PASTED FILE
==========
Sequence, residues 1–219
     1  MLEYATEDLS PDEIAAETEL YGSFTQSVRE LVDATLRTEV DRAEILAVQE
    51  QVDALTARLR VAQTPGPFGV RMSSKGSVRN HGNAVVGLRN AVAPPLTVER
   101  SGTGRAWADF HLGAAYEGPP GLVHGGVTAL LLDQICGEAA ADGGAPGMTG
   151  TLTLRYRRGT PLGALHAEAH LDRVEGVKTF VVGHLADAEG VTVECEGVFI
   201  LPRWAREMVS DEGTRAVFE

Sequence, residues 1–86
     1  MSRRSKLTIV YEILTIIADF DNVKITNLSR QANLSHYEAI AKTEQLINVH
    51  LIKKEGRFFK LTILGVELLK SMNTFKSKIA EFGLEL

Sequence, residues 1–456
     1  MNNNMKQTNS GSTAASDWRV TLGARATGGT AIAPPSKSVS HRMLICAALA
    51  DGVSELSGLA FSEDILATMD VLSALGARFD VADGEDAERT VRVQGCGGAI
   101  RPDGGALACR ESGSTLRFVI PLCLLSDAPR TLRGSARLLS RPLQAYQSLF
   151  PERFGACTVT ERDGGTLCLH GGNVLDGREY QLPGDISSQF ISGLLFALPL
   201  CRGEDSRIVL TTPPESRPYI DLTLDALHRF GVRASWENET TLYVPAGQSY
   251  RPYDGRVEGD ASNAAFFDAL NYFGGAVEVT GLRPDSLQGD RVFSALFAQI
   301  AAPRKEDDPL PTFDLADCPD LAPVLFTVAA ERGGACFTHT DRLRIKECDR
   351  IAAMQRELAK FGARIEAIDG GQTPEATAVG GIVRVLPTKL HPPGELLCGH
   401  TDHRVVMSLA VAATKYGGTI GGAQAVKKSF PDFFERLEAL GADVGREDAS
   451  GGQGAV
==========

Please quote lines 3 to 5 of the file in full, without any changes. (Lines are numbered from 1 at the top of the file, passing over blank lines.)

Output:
    51  QVDALTARLR VAQTPGPFGV RMSSKGSVRN HGNAVVGLRN AVAPPLTVER
   101  SGTGRAWADF HLGAAYEGPP GLVHGGVTAL LLDQICGEAA ADGGAPGMTG
   151  TLTLRYRRGT PLGALHAEAH LDRVEGVKTF VVGHLADAEG VTVECEGVFI